March 26, 2013
Thank you, Linda, for your response
to my blog of Friday, March 22, 2013. I resonate with your comment that "Without a compulsory draft, I'm not sure there is vigorous enough outrage over the costs of war - both initially and in the long term." It seems to me the point you are making is that if a situation does not effect us personally, it is very difficult for us to look beyond the confines of our selves.
Columnist for the Miami Herold, Leonard Pitts Jr
. wrote the following about Rob Portmanâ€™s U-turn on gay marriage
: "It was, make no mistake, an act of paternal love and empathy and deserves to be celebrated on that basis. He did the only thing a good father could have done. And yet, if Portmanâ€™s change of mind warms the heart, it also, paradoxically, illustrates the moral cowardice so often found at the heart of social conservatism. Look, the senatorâ€™s son is doubtless a fine and admirable young man. But with all due respect to his son, to heck with his son. This is not about Will Portman. Itâ€™s far bigger than that. So one canâ€™t help but be frustrated and vexed by the senatorâ€™s inability to â€śget itâ€ť until â€śitâ€ť included his son. Will explained to him that his sexuality â€śwas not a choice?â€ť Lovely. But was the senator not listening when all those other gay men and lesbians tried to tell him the exact same thing? Apparently not. Like Dick Cheney, father of a lesbian daughter, Portman changed his view because the issue became personal. Which suggests a glaring lack of the courage and vision needed to put oneself into someone elseâ€™s shoes, imagine oneâ€™s way inside someone elseâ€™s life. These are capabilities that often seem to elude social conservatives. Small wonder: If you allow yourself to see the world from someone elseâ€™s vantage point, there is a chance it will change your own. ... But true compassion and leadership require the ability to look beyond the narrow confines of oneâ€™s own life, to project into someone elseâ€™s situation and to want for them what youâ€™d want for your own. Portmanâ€™s inability to do that created hardship for an untold number of gay men and lesbians. Each of them was also someoneâ€™s child."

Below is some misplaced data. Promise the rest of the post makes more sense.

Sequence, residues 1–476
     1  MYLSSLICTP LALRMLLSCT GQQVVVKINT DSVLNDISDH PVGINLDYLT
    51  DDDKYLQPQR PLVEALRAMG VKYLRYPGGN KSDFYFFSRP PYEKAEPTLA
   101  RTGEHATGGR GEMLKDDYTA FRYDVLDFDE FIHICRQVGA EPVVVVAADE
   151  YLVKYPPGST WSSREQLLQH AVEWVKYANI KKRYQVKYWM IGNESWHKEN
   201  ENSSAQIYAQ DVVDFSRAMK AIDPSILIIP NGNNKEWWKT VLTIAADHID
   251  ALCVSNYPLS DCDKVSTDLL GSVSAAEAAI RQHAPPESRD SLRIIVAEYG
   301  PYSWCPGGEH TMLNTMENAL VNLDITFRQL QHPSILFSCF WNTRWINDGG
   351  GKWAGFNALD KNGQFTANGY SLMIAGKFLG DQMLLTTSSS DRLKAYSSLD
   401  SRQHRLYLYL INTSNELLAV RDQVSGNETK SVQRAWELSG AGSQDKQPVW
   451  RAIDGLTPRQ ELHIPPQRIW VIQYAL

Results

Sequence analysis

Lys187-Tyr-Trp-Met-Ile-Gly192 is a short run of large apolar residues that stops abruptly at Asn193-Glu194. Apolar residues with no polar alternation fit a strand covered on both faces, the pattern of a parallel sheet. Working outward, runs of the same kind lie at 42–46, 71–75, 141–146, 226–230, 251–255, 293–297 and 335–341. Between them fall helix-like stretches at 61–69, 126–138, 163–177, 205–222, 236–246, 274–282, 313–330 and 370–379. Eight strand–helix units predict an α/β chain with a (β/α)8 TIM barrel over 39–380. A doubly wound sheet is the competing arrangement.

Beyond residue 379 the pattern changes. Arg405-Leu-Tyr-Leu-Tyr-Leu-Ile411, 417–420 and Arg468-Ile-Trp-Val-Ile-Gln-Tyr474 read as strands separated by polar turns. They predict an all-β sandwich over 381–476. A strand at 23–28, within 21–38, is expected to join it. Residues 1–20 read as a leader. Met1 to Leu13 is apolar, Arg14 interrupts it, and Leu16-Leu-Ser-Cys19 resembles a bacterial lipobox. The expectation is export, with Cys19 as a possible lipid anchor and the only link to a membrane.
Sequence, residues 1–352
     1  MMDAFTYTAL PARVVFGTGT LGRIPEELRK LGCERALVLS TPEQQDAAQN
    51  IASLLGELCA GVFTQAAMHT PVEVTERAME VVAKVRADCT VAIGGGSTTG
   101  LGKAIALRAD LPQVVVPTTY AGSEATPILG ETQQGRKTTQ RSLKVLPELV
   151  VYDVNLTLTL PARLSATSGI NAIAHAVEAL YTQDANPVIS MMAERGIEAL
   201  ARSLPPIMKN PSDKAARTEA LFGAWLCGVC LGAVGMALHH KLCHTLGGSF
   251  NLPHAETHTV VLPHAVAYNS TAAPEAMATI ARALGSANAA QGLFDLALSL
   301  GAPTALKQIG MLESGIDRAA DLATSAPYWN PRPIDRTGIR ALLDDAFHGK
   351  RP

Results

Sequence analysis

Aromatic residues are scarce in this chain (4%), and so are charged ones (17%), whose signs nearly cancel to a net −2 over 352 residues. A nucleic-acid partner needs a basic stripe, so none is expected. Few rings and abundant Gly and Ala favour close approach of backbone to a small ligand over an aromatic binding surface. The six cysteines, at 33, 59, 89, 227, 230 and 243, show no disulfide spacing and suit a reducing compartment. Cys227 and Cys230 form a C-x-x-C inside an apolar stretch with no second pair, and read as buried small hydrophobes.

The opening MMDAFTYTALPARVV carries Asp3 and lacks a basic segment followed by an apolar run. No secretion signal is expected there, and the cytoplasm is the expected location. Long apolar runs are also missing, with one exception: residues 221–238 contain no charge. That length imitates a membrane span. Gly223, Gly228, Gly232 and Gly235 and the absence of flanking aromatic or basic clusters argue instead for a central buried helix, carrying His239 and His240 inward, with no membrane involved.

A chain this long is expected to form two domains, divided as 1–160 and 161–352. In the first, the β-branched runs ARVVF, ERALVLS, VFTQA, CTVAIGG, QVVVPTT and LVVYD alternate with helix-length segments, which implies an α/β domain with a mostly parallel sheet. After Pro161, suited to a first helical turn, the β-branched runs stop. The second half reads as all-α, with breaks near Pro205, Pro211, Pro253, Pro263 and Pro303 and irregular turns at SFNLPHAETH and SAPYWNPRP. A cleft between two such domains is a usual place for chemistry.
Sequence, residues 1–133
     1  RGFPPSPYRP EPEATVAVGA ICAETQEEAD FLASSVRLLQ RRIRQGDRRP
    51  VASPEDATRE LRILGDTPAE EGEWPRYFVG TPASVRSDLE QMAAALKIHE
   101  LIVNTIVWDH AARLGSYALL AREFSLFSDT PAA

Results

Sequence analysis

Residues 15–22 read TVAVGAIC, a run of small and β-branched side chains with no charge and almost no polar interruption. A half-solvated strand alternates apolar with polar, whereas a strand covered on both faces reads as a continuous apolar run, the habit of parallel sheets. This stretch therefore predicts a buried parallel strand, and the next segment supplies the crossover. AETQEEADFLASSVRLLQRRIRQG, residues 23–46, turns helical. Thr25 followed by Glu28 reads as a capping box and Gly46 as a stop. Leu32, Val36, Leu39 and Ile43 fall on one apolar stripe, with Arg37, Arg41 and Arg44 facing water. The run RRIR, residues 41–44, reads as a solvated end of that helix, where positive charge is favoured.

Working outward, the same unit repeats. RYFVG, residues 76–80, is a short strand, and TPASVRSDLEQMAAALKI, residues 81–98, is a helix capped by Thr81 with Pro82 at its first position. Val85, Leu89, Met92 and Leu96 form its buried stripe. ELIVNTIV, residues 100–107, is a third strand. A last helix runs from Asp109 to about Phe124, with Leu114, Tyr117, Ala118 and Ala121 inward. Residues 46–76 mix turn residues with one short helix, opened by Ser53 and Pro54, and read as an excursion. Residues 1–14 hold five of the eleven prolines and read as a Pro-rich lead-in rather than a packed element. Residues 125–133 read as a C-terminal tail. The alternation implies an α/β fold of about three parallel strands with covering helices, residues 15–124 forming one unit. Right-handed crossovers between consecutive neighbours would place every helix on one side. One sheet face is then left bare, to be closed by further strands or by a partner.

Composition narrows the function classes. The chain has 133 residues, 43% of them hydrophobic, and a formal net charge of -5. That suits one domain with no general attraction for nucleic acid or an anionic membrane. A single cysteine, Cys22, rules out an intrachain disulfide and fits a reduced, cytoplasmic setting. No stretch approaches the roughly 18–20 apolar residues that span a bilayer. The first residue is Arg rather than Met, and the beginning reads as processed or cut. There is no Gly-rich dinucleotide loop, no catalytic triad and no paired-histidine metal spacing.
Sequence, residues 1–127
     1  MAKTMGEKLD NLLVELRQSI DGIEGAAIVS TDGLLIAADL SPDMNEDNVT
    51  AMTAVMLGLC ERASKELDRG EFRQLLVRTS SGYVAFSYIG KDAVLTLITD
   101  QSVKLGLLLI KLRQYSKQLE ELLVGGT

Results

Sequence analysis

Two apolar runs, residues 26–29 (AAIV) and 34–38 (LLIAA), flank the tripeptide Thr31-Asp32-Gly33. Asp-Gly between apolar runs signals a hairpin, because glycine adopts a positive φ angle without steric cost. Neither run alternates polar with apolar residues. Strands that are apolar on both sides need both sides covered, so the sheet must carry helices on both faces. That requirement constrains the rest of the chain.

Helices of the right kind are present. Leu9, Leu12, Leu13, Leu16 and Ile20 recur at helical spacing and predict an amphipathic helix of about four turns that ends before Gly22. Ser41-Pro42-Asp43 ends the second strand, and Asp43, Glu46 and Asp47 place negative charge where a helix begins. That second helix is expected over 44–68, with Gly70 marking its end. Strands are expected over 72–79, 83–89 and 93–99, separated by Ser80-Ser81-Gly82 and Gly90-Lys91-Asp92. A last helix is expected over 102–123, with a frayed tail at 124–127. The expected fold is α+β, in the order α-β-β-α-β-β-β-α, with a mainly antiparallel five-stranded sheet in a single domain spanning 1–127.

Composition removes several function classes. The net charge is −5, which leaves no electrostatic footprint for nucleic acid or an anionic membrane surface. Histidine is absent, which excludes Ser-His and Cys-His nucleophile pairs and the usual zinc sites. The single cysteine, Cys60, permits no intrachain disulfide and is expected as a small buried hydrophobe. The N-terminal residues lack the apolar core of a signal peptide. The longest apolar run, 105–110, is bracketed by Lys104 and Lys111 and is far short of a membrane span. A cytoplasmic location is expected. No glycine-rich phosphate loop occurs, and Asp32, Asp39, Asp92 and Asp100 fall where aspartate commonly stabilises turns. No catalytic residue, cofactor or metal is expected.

Today the Supreme Court is meeting to hear arguments in two landmark cases regarding Marriage Equality. One (Perry) seeks to overturn Proposition 8, which bans same gender marriage in California, and the other (Windsor) seeks to strike down the Defense of Marriage act, which prevents the federal government from recognizing legal same gender marriage in any state.
For us Christians these historical hearings take place in the midst of Holy Week where we as Presbyterians still find ourselves in the grips of social conservatism, not allowing LGBTQ to marry and considering such unions a sin. It seems to me that it is impossible for us as a denomination to "get it" as we suffer from a "glaring lack of the courage and vision needed to put oneself into someone elseâ€™s shoes, imagine oneâ€™s way inside someone elseâ€™s life." But maybe, just maybe, this Easter, the "impossible" may become "possible"! As we are a people who believe that after suffering and death new life emerges on Easter morning. We, too, believe that we can become more aware of how the gospel is transforming us from self-interest and fear and awakening us to the realization of God's limitless love for all, even us, as we deny LGBTQ marriage equality.